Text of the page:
Write practice essays open-book, and only after you have reviewed the subject. It should not take more than a maximum of 12-15 written essays (across all subjects) and about 5 written PTs to get you up to speed. Anything beyond that should be careful issue spotting. Too much writing without rapid accurate feedback from an expert wastes time and tends to reinforce errors, while giving a false sense of confidence. The best way to improve is to make deliberative adjustments based on expert feedback.

Memorization comes at the end, and not at the beginning. Understanding precedes memorization. In fact, understanding is a necessary first step in learning. After understanding and learning, memorization falls right into place. A critical question concerns what to memorize. It is not productive to memorize everything. Focus on a small core: your culled-down final outlines. Less is better.

Here is some additional advice that should stand the test of time and survive passing fads:

1. Have an approach to the MBE before you sit for the exam, including a timing strategy and a guessing strategy.

2. Understand what your real tasks are in the PT. Practice extracting an organized structure of the law from a closed universe library, and practice applying that law to a hypothetical set of facts.

3. When answering any essay or PT, after you headnote an issue, the very next thing you must do is write down a responsive rule of law or legal doctrine. Then discuss that doctrine using the facts in the hypothetical.

4. Have a plan for memorization and know that retrieval and phased learning are two of the most effective ways to memorize a large body of knowledge. Retrieval is the effort to recall, or ‘fishing back the information’ you just studied, as psychologist William James used to say. Phased learning means coming back to the material in a systematic way over time, and not simply trying to mass all of your practice on one subject and then be done with it. It is well recognized by psychologists that phased learning produces far better recall than massed practice does. For example, in our phased learning approach we guide people through all of the tested subjects in depth and then back through all of them 2 more times.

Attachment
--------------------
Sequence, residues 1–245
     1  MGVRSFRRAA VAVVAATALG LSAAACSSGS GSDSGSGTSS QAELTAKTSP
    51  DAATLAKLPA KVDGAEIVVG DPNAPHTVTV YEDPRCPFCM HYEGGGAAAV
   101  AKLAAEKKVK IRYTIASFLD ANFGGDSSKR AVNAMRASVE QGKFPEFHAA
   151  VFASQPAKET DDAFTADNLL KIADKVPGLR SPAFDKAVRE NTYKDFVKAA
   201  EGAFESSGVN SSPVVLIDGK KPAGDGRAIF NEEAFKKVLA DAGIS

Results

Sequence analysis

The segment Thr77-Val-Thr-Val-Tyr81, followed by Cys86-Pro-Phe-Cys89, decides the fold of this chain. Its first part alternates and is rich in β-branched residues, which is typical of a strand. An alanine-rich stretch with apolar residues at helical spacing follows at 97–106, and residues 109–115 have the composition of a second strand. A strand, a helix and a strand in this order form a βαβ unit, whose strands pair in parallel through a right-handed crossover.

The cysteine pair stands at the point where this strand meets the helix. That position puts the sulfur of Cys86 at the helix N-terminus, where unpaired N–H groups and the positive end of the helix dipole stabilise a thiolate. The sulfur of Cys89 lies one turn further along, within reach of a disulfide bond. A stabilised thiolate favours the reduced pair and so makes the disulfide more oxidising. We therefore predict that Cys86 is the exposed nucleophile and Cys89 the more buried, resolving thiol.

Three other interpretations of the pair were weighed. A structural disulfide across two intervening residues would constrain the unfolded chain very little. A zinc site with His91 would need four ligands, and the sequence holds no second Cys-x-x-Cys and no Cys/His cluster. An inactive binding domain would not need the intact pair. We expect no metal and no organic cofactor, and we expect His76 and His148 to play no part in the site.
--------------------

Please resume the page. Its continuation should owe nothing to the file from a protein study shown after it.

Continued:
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Dr. Dennis Saccuzzo is a professor emeritus of psychology at San Diego State University, where he was a professor from 1975-2011. He is the co-author of "Psychological Testing: Principles, Applications and Issues," now in its ninth edition and used in major universities and colleges worldwide. Dr. Nancy Johnson is a statistician and researcher who has taught law and psychology at the graduate level since 1992. They both are practicing California attorneys, licensed psychologists, and co-founders of Applications of Psychology to Law Inc., an educational corporation, which produces PowerLaw and other effective study tools for Bar Candidates, and whose mission is the application of evidence-based psychological principles to the study and practice of law.